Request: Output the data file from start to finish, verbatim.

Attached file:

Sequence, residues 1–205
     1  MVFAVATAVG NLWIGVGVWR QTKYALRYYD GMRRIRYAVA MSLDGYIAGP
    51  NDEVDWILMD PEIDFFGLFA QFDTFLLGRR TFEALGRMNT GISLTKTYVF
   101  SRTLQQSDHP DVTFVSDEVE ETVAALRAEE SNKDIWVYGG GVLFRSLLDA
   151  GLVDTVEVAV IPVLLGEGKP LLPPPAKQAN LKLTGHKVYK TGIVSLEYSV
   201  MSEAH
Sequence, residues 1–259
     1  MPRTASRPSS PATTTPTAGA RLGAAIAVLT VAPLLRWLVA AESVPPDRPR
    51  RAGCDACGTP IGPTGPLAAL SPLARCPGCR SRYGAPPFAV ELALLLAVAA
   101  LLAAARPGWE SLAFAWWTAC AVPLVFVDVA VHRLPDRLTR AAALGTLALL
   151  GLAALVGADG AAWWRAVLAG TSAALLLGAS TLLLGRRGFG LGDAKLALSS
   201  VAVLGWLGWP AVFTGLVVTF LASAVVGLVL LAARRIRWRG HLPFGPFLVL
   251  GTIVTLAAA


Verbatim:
Sequence, residues 1–205
     1  MVFAVATAVG NLWIGVGVWR QTKYALRYYD GMRRIRYAVA MSLDGYIAGP
    51  NDEVDWILMD PEIDFFGLFA QFDTFLLGRR TFEALGRMNT GISLTKTYVF
   101  SRTLQQSDHP DVTFVSDEVE ETVAALRAEE SNKDIWVYGG GVLFRSLLDA
   151  GLVDTVEVAV IPVLLGEGKP LLPPPAKQAN LKLTGHKVYK TGIVSLEYSV
   201  MSEAH
Sequence, residues 1–259
     1  MPRTASRPSS PATTTPTAGA RLGAAIAVLT VAPLLRWLVA AESVPPDRPR
    51  RAGCDACGTP IGPTGPLAAL SPLARCPGCR SRYGAPPFAV ELALLLAVAA
   101  LLAAARPGWE SLAFAWWTAC AVPLVFVDVA VHRLPDRLTR AAALGTLALL
   151  GLAALVGADG AAWWRAVLAG TSAALLLGAS TLLLGRRGFG LGDAKLALSS
   201  VAVLGWLGWP AVFTGLVVTF LASAVVGLVL LAARRIRWRG HLPFGPFLVL
   251  GTIVTLAAA